• Detect: The Detect function supports the ability to discover and analyze cyber attacks, compromises, and potential adverse events in a timely manner. The outcomes of this function enable effective incident response and recovery activities.
    • Respond: The Respond functions includes actions that can help contain the impact of detected cybersecurity incidents. The outcomes in this function include incident management, analysis, mitigation, reporting, and communication.
    • Recover: The Recover function supports the ability to restore assets and operations affected by cybersecurity incidents in a timely manner.
  • CSF Organizational Profile: This basically describes an organization’s current and and/or target cybersecurity posture based on its CSF Core’s outcomes. This component helps an organization understand, adapt, evaluate, prioritize, and communicate the Core’s outcomes in line with its objectives, threat landscape, stakeholder expectations, and requirements.
  • CSF Tiers: Tiers are applied to the Organizational Profiles and enable organizations to gauge their cybersecurity risk governance and management practices. The framework outlines four tiers – Partial (Tier 1), Risk Informed (Tier 2), Repeatable (Tier 3), and Adaptive (Tier 4), with every tier building on the previous one and indicating an organization’s advancement from informal, ad hoc responses to agile, risk-informed, and continuously improving approaches.

Implementing the framework requires identifying organizational assets, processes, and operations; cyber risks, threats, and vulnerabilities; control measures in place; and more. Importantly, organizations need to categorize cybersecurity risk management activities under the six core functions and monitor them regularly to proactively identify and address any issues.

Here are some of the key steps that can help organizations get started with the framework: 

NIST Cybersecurity Framework Key Steps
  • Define the Scope: Define the scope of the project in line with strategic business goals and objectives. This includes determining risk appetite and tolerance, identifying and documenting organizational assets, business processes, and cybersecurity risks; current cybersecurity risk management processes, including key controls; business continuity, incident response, and disaster recovery plans; relevant regulations, and more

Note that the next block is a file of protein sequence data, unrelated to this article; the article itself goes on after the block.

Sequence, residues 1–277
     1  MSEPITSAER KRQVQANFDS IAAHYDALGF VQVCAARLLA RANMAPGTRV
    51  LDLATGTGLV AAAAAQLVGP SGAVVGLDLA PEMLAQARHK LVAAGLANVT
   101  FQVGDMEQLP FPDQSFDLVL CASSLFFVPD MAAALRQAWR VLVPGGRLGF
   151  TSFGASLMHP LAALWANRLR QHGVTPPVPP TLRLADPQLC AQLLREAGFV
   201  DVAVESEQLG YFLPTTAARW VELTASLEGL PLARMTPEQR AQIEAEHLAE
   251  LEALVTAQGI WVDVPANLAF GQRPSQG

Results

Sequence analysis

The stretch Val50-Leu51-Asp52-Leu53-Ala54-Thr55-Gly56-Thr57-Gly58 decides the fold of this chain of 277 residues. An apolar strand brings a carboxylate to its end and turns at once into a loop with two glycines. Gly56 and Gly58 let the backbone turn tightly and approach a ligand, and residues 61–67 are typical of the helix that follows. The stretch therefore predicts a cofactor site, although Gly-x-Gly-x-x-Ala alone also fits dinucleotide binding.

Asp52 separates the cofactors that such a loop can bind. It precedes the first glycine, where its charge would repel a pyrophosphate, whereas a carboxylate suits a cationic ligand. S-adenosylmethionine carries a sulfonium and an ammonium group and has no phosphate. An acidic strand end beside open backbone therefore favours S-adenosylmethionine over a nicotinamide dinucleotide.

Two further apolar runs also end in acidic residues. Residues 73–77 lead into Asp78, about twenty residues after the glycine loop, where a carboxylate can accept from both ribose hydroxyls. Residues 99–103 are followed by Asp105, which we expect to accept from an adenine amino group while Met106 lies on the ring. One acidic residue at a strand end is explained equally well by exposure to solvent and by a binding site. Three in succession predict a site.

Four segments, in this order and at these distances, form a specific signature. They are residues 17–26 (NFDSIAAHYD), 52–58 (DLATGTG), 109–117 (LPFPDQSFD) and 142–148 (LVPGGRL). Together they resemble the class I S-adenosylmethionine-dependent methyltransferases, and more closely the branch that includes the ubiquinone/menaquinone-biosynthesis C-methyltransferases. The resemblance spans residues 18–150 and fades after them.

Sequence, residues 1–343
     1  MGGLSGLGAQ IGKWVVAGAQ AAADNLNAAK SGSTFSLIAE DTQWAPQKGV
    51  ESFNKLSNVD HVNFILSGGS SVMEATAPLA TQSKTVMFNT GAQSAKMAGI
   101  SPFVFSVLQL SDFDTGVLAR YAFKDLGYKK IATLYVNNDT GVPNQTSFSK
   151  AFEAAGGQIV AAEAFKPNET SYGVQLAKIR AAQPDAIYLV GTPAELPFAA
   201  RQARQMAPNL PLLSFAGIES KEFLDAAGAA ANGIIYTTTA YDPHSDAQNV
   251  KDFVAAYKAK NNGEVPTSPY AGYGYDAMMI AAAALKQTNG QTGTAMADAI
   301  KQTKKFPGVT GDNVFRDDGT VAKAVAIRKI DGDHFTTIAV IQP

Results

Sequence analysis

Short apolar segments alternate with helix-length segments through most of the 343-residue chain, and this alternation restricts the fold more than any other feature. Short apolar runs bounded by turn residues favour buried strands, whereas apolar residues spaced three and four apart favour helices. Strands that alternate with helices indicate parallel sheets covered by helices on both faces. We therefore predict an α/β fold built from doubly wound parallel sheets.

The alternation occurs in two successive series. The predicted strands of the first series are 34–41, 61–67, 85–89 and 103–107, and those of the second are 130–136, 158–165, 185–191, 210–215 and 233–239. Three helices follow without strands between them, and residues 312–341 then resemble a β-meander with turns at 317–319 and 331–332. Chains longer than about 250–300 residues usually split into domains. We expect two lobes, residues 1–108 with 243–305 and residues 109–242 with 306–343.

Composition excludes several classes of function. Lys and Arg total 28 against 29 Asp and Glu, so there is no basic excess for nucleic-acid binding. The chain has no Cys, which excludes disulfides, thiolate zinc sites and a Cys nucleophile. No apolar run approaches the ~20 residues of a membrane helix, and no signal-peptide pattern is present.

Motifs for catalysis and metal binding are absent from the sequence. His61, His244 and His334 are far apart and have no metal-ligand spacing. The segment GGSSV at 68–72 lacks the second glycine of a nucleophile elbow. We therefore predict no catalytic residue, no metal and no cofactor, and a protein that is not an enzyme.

• Classify the Processes: Categorize the identified cybersecurity risk management processes, plans, and measures into the six functions as defined in the framework.
  • Create Current Profile: Based on the categories and subcategories of the framework, create the current profile of how the organization views and manages cybersecurity risk.
  • Conduct Risk Assessments: Assess the cyber risks faced by the organization to determine their likelihood and impact.
  • Create Target Profile: Determine the target cybersecurity posture that the organization wants to achieve. 
  • Determine and Analyze the Gaps: Identify and analyze the gaps between the current and the target profile. Leverage this information to develop and action plan to address those gaps. This includes risk register, risk detail report, plan of action, milestones, etc.
  • Implement and Monitor the Plan: Implement the action plan and regularly monitor it to ensure it is on track and proactively address any deviations or issues.

MetricStream helps companies comply with many regulations and security standards, including those from the National Institute of Standards and Technology (NIST).

With MetricStream IT and Cyber Compliance Management, organizations can employ a 'test once, comply with many' approach to harmonize mappings. Companies can quickly get their IT compliance program up and running by uploading pre-packaged information such as the NIST Cybersecurity Framework. The software solution streamlines the various processes, including conducting risk identification, mapping it to critical assets, processes, business functions, controls, etc., conducting self-assessments and surveys, identifying and remediating issues, and more.

Furthermore, continuous control monitoring capabilities enable organizations to continuously test and monitor their organizational controls on AWS cloud infrastructure. These results are then integrated with the results of testing performed for the entire control environment.

To learn more about how MetricStream can help with IT compliance management, request a personalized product demo.